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Boomkat Product Review:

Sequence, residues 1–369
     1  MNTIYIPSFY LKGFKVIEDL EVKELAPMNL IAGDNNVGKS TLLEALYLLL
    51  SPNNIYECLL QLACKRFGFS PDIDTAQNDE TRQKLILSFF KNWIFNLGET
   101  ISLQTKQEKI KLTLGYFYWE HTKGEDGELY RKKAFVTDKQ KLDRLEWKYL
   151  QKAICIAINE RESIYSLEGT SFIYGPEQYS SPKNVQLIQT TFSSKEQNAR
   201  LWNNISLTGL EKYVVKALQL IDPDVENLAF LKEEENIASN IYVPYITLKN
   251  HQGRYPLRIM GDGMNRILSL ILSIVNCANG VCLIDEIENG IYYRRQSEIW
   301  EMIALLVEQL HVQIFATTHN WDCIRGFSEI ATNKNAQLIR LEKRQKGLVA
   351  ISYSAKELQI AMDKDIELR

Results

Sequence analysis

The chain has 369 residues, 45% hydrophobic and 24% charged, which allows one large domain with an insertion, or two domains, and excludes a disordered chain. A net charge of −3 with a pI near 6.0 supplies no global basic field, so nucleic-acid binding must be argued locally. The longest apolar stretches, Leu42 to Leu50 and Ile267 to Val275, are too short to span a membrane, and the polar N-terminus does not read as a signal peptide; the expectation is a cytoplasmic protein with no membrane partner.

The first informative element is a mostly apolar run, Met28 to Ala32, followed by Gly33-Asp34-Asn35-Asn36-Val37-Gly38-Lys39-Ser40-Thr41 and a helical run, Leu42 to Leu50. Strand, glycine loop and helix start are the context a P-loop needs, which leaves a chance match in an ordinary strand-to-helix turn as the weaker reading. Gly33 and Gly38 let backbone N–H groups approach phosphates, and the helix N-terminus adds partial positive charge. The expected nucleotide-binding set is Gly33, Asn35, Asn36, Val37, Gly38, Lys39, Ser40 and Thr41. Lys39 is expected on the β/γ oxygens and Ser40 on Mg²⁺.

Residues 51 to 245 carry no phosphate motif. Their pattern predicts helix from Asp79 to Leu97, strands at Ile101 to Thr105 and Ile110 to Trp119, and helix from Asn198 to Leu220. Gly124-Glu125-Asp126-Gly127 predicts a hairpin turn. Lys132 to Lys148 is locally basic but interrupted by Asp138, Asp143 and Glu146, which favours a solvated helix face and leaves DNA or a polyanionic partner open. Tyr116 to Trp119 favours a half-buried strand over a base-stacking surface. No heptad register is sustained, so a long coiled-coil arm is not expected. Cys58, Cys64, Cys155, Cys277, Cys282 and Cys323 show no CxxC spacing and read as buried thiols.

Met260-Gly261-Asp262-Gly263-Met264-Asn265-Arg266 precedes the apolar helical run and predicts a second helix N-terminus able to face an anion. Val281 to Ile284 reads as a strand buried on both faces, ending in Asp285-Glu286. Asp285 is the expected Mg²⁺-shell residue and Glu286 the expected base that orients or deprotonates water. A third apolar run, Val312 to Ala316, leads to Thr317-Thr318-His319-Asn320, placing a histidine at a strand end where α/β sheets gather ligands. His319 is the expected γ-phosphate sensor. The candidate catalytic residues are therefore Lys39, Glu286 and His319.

Chances are the last time you stumbled across Ghost axe-man Michio Kurihara was in his shockingly good collaboration with Japanese doom-monsters Boris. Funnily enough their album 'Rainbow' has been re-issued by Drag City only this week, and this week is also where we get to hear Kurihara's latest solo emission, the gorgeous 'Sunset Notes' which slips out on the Damon & Naomi curated 20/20/20 label. So far, so psychedelic then, but 'Sunset Notes' is as enjoyable a revelation as 'Rainbow' was for us, and is just as eager to cross genre territories wilfully and using as much guitar soloing as should be humanly possible. Yep this man is a demon when confronted with six strings and a pick, and across nine tracks Kurihara shows us his severe and virtuoso skill, drenches it in reverb and implores us to punch the sky with the kind of glee only ever gleaned from extended guitar solos. Melodic, jubilant and effortlessly experimental 'Sunset Notes' is just the album I've always wanted from Kurihara, and now sidestepping from his supporting roles in Ghost and Damon & Naomi his talents are framed quite wonderfully. It might not sound too tantalising to be sold an album which is balanced around guitar solos, but this is where 'Sunset Notes' differs from all preconceptions, and rather than sink into self-indulgence it seems that the record is made with the listener in mind. I read somewhere that Kurihara still has a full time job at a factory in Japan, and this kind of connection with 'real life' is evident as his fretwork lets us soar into oblivion, it's rock 'n roll without the meaningless excess, and in that there is real beauty. If you have passion for 'Rainbow' and are looking for where next to step, the only real path lies with 'Sunset Notes'. Recommended.